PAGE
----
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Specter's shift: Just noise

Democrats are rejoicing that Sen. Arlen Specter is praising Supreme Court nominee Sonia Sotomayor as proof of their wisdom in persuading him to defect from the Republican Party.

By Albert R. Hunt

Democrats are rejoicing that Sen. Arlen Specter is praising Supreme Court nominee Sonia Sotomayor as proof of their wisdom in persuading him to defect from the Republican Party.

Specter has snookered them once again. In his five terms, he has voted for 10 Supreme Court nominees, opposing only Robert Bork. He would have backed Sotomayor whether he was a Democrat, a Republican, or a Scottish Whig.

The much-heralded Specter conversion, bringing Democrats close to the 60 votes required to break a filibuster, is a pyrrhic victory. Politicians, like companies, usually suffer when they focus on short-term gain. The lure of party-switching is always greater than the reality, and in a way the episode illustrates why Pennsylvania is a graveyard for anyone with national aspirations.

Specter's own calculations were that he would have lost a Republican primary against a conservative challenger he barely beat six years ago. If President Obama's political team, Democratic Senate campaign chairman Robert Menendez of New Jersey, and Gov. Rendell had actively enlisted a solid Democratic candidate months ago, he or she would have been a prohibitive favorite to win a general election.

Instead, Specter may struggle in a bitter Democratic primary next year against Rep. Joseph Sestak, a retired Navy admiral. If Specter wins, he'll be 80 years old, beset with health problems, and, as always, cantankerous.

"The Democrats could have gotten a 100 percent Obama Democrat," said Terry Madonna, director of the Center for Politics and Public Affairs at Franklin & Marshall College. "Instead, they'll have a 50 percent Obama Democrat, which is the best Specter will be."

A new Democratic senator would have been a generation or two younger than Specter. If the incumbent does win and faces health problems, a new Republican governor could end up appointing a member of his own party to the seat.

Yet the White House, Senate Democrats, and Rendell, practicing the politics of yesterday, are vowing to go all out for Specter. They insist he will deliver more pork for the state and be a major player in advancing the Obama agenda.

The latter point seems fanciful. Specter was one of three Republicans who voted for the stimulus. Yet he never was going to vote against high-court nominees or the other filibuster-driven issue, health-care reform, which he made a priority after his battles with cancer.

Democrats control the Senate 59-40 and likely will gain another seat from Minnesota. That doesn't much change the filibuster dynamics. To get 60 votes for anything would require the support of conservative Democrats or moderate Republicans. It will surprise many if Specter provides the 60th vote on more than one or two issues in this Congress.

The White House and some Democratic strategists say his switch will encourage others to convert. If there's a stampede, it's been a silent one. The growth of American political parties occurs from the grassroots up or when a national figure galvanizes support, not when a handful of elected officials change parties.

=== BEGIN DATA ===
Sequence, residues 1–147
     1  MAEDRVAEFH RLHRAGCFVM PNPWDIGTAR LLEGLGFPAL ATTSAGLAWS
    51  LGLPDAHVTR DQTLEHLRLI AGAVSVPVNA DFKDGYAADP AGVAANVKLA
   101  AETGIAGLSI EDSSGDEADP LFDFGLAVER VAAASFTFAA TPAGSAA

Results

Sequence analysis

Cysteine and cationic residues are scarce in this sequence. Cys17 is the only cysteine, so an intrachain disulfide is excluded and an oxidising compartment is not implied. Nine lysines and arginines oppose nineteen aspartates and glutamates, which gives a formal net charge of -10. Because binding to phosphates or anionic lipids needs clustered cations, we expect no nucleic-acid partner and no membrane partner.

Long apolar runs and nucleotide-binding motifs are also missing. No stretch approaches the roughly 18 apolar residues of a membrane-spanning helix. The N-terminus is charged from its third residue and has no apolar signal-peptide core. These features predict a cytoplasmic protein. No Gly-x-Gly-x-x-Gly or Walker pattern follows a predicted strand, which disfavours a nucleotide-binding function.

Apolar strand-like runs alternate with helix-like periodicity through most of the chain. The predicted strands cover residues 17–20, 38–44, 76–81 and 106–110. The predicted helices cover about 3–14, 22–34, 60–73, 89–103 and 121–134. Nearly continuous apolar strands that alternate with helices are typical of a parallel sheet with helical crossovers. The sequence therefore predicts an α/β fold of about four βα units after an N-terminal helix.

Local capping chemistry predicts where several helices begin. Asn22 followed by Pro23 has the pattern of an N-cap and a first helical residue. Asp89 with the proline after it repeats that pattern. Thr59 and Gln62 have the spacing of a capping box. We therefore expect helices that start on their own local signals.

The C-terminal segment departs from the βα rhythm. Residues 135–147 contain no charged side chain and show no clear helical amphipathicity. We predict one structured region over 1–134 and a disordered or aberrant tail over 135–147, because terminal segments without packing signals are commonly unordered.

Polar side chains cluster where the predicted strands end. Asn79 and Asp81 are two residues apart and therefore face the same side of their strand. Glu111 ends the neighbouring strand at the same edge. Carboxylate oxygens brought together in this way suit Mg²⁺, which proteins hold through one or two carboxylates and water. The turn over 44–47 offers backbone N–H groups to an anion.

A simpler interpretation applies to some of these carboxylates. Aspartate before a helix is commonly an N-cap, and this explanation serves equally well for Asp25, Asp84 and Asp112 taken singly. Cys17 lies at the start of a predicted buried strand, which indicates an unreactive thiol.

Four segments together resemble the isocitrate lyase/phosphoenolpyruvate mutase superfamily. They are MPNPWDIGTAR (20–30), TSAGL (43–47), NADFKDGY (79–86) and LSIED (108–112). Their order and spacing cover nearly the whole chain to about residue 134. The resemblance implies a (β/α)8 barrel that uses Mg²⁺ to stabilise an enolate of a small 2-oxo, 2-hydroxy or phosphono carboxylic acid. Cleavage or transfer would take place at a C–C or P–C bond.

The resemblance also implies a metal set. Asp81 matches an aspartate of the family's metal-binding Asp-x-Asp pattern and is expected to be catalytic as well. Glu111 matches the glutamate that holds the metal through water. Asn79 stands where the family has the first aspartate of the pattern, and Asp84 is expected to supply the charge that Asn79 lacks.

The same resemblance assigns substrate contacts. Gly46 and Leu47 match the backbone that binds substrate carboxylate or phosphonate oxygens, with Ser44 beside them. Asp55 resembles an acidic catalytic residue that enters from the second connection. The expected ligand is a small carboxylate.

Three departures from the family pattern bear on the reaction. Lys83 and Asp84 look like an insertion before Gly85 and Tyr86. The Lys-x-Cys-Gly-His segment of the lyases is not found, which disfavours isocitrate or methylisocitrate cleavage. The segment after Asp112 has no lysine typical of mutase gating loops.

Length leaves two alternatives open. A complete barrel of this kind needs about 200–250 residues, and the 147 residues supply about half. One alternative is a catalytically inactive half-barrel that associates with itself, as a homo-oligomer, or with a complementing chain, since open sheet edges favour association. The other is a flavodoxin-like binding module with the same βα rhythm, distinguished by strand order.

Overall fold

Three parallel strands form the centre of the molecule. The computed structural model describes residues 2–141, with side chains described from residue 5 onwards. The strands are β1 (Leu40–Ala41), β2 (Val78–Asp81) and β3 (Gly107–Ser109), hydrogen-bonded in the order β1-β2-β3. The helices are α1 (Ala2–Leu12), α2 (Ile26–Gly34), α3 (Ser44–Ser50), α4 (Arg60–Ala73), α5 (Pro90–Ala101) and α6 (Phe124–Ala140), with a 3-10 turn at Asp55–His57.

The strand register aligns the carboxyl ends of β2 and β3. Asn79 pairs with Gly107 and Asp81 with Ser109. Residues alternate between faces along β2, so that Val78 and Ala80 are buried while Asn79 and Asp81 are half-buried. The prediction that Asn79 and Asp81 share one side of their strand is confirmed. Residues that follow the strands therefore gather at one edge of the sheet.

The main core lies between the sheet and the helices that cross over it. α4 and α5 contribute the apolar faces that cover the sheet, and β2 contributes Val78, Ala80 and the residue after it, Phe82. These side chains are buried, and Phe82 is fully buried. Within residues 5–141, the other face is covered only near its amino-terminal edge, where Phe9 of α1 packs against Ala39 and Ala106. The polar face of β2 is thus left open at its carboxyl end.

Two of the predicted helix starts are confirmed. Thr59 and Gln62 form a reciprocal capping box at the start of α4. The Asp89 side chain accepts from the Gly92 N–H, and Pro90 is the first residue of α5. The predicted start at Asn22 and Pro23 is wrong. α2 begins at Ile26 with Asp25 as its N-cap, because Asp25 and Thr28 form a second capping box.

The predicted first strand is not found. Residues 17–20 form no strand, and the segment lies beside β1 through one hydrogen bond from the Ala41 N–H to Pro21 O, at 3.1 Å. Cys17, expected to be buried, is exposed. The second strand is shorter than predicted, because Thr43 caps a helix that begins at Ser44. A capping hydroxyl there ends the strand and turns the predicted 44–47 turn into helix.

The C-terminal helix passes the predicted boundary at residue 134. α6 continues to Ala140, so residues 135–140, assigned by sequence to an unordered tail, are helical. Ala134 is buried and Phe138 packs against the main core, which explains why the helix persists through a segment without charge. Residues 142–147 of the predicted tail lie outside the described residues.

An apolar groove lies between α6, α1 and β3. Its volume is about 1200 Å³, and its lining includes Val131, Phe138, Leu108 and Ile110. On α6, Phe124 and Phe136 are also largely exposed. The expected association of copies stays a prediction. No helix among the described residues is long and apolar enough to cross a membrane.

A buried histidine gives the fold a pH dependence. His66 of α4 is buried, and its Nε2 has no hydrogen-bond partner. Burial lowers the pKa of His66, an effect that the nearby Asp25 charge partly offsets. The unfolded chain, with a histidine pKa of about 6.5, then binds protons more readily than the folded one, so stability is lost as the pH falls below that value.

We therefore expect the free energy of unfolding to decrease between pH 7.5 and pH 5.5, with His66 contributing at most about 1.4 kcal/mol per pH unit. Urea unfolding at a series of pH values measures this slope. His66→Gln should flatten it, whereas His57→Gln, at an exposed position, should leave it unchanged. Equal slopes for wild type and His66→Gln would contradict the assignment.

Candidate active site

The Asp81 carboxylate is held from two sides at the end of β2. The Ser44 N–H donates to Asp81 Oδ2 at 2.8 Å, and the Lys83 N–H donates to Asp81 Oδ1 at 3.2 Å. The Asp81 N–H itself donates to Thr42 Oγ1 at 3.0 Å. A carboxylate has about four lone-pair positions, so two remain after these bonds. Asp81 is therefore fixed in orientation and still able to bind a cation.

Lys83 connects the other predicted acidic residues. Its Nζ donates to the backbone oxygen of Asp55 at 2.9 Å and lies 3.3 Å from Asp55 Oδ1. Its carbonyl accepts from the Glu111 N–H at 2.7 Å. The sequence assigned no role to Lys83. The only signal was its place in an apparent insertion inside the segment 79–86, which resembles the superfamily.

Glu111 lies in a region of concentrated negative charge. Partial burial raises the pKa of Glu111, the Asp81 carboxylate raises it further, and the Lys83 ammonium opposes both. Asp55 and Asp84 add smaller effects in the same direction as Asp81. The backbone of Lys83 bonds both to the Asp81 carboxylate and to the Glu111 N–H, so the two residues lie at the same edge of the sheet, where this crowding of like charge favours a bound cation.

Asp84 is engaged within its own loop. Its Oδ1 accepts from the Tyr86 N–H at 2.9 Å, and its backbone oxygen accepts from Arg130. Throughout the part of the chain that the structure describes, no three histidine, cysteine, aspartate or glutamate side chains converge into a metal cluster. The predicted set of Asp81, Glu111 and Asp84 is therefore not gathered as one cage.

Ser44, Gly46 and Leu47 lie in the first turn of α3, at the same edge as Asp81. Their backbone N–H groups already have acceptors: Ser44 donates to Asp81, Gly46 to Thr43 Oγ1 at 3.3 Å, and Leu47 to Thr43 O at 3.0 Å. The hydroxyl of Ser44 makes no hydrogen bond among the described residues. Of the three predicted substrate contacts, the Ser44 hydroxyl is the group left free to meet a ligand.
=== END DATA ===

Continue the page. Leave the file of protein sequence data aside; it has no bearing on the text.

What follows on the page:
In the 1980s, celebrated party-switchers were supposed to usher in a whole new era of Ronald Reagan Democrats. Former Rep. Phil Gramm of Texas was the most successful. He ultimately cratered.

In the mid-'90s, when Democratic Sens. Richard Shelby of Alabama and Ben Nighthorse Campbell of Colorado became Republicans, it was heralded as a harbinger of realignment. Campbell disappeared, and Shelby is still in the Senate, in the GOP minority.

Specter switched for one reason: survival. It had nothing to do with principles, loyalties, or a change in philosophy. He will accommodate the exigencies of the moment, while relying on a political system in Pennsylvania that rewards such behavior. The last time this populous state produced a truly national politician was a century and a half ago. He was James Buchanan, arguably the nation's worst president.

In the interim, there have been a few competent congressional leaders from the state and some very influential local and state officials, stretching from Philadelphia Mayor Richardson Dilworth a half-century ago to Rendell today.

On the national level, Pennsylvania has been AWOL. Specter and former Democratic Gov. Milton Shapp each sought the presidential nomination; both candidacies were a joke. The unsuccessful 1880 Democratic presidential nominee, Winfield Scott Hancock, and the losing 1884 GOP nominee, James G. Blaine, were from Pennsylvania. But Hancock barely lived in the state after joining the military, and Blaine left it well before he ran for the White House.

The only semi-serious presidential effort Pennsylvania apologists cite was when the estimable Republican governor, William Scranton, tried to take the nomination from Barry Goldwater in 1964. Scranton was clobbered in a candidacy that barely lasted a month.

This is also one of the few large states that has never elected a woman or a black person governor or senator. Its politics are dominated by parochial people and matters.

"Pennsylvania politicians, unfortunately, have been more concerned about pork and patronage than national issues," said Madonna.

The latest Specter saga only reinforces that tradition.